A new study from the Centers for Disease Control and Prevention links symptomatic COVID-19 cases in adults to on-premise dining. Looking at 11 U.S. health care facilities, the organization found that those who tested positive for coronavirus were approximately twice as likely to have reported dining at a restaurant in the two weeks preceding illness onset than those with negative test results.
The CDC says these restaurant exposures could be tied to air circulation, as direction, ventilation and intensity of airflow may affect virus transmission, even if social distancing measures and masks mandates are followed when possible. Of course, masks can’t be worn while eating and drinking, whereas other activities such as shopping do not prevent proper mask use. Participants in the investigation, both with and without COVID-19, reported generally the same community exposures, with the exception of going to places with on-site eating and drinking.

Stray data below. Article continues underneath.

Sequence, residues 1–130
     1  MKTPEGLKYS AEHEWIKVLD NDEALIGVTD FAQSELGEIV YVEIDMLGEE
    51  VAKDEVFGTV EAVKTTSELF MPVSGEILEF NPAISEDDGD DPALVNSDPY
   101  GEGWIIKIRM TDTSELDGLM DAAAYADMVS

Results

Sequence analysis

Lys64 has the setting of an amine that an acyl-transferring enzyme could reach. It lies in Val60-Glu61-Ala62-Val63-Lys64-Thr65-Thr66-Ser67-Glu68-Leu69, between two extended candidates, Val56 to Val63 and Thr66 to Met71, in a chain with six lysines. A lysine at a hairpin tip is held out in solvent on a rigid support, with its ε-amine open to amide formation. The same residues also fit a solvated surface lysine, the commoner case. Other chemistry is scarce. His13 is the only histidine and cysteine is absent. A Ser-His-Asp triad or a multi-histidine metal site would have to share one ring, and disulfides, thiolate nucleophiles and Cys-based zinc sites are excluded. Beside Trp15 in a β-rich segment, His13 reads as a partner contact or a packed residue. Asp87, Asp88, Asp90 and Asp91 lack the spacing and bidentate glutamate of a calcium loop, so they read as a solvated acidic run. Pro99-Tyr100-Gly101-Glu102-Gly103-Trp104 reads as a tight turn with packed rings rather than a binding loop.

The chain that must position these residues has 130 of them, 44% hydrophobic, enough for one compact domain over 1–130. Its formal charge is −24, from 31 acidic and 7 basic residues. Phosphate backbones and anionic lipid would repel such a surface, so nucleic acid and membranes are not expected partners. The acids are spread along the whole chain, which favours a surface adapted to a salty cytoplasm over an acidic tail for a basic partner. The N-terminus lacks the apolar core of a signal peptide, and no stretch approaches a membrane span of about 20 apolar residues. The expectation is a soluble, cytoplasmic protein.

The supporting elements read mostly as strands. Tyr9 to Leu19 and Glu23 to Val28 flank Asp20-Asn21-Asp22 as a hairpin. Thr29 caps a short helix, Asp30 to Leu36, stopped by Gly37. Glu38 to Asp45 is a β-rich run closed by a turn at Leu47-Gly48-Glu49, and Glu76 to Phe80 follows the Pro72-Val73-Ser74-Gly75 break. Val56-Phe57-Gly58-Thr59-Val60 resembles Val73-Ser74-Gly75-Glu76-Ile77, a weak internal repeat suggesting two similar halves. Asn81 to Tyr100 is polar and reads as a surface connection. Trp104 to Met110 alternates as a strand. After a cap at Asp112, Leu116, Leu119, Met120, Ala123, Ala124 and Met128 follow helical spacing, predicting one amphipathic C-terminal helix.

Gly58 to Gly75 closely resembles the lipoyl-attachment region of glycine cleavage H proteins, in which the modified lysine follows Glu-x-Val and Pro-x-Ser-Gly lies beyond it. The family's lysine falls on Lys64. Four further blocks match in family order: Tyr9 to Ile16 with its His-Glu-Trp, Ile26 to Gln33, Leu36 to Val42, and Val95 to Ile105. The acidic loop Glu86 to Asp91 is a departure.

Health officials have long asserted that close contact exposures contribute to the spread of COVID-19, and now that much of the country has opened back up, the CDC is highlighting the importance of efforts to reduce possible exposures when mask use and social distancing are difficult to maintain, to protect customers, employees and communities.
If you do decide that you’d like to go out to eat at a restaurant in the near future, know that the etiquette has changed significantly. Please consider these health and safety tips on how to dine out during the coronavirus pandemic.